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The Future of Cinder Lake

Todd Hanson, solid waste director for the city of Flagstaff, talks about the future of the Cinder Lake Landfill Tuesday afternoon.

Flagstaff City Council moved one step closer to raising landfill and trash pickup fees in order to support a number of infrastructure projects over the next few years.

In November, the council had decided to go with the option that would raise fees by 7.5 percent annually for five years, but many were not happy about the proposal. The increase led some members of the council to wonder if the city should be in the solid waste business in the first place.

And that question came up again on Tuesday. Vice-mayor Jamie Whelan wondered what the difference would be if the city were to simply have a private third party provide such services, while councilmember Eva Putzova questioned what allowed companies like Waste Management to offer lower prices. 

“Are we at all considering farming out this service?” Whelan said.

But Cinder Lake Landfill director Todd Hanson said moving in that direction was not the way to go. Hanson pointed to the difference in priorities between the city and a private waste management company.

The city is trying to provide a service to its citizens, Hanson said, while a private company would be focusing on ways to increase its margins and keep its stockholders happy. And Hanson said he should know: Before he began to work for the city three years ago, he worked for private waste management companies for 26 years.

“We make enough to reinvest in our business to keep it going, to keep the landfill operating, to keep our equipment on the road, to keep the fleet going, to hire people and pay them a decent wage,” Hanson said. “An outside contractor looking at it, it’s cost plus investment -- oh, and by the way, keeping the investors and the board of directors happy. I know if we were to do that, things would get exponentially expensive to do the same job here.”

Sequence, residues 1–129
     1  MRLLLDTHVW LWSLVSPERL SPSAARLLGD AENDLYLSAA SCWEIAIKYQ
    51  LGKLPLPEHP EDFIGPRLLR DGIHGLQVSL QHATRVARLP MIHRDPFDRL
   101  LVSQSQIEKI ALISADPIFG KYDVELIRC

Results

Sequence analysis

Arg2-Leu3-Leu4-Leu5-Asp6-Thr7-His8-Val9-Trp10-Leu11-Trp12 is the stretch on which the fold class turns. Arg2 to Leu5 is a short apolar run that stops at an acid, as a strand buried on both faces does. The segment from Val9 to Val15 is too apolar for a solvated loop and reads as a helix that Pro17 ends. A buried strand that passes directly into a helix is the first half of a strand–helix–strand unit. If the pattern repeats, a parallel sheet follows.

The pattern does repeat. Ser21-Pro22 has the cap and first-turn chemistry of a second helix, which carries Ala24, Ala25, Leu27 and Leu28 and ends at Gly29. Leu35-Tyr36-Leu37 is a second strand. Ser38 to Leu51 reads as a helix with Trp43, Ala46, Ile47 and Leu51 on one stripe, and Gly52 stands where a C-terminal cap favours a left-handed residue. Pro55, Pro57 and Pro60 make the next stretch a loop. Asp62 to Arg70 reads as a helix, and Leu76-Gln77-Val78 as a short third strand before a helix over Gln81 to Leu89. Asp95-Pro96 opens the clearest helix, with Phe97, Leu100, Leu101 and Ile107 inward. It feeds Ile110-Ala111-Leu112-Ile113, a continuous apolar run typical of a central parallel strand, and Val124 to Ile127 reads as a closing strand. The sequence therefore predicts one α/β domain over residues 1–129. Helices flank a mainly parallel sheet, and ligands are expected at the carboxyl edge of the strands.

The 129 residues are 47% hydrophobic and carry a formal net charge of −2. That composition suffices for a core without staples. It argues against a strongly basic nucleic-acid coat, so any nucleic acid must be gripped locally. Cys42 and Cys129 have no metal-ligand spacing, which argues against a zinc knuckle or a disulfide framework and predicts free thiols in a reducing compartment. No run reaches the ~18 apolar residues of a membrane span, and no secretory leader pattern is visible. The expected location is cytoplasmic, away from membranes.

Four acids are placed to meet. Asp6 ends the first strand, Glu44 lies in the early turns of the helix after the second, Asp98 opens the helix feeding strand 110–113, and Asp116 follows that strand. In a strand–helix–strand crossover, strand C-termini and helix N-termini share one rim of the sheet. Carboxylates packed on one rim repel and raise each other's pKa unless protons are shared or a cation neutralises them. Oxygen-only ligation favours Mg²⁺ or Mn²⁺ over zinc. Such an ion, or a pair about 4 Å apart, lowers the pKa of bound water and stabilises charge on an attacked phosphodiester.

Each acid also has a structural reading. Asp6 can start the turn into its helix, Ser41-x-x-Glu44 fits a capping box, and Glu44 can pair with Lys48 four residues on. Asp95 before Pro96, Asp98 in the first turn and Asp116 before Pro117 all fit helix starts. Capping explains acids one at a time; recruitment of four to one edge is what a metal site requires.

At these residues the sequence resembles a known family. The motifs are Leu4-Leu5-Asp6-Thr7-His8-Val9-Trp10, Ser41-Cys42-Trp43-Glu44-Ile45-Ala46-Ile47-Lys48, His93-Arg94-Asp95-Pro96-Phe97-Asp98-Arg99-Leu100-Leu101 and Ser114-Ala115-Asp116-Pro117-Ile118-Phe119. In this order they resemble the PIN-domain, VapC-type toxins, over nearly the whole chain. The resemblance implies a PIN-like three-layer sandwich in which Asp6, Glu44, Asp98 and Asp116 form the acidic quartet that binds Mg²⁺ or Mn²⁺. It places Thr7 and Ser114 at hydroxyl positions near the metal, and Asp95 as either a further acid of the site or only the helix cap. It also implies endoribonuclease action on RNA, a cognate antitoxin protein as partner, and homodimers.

Landfills are extremely valuable, Hanson said. There are only about 2,000 landfills across the United States and the majority are privately owned and operated. Owning and operating its own landfill allows the city to be more future focused and is a huge asset for the city.

Nonetheless, increases in the fees are sizable. In dollars and cents, the 7.5 percent annual increase would mean residential rates increasing from the current $17.73 to $25.45 over the next five years.

That rate increase would only affect residents, however, as businesses and commercial entities’ rates should increase by only 3 percent the first year. This is in order to stay competitive with private companies, which are allowed to compete with the city for commercial business.

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There would be no subsequent rate increases after that.

But Hanson said because the rates have not been raised for the past 10 years, the increase is not an unreasonable ask. 

Council plans to pass the fees for the final time on Tuesday.

Updated for correction at 3:48 p.m. on Dec. 6. 

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Adrian Skabelund can be reached at the office at, by phone at (928) 556-2261 or on Twitter @AdrianSkabelund.


Reporter - Government, Development

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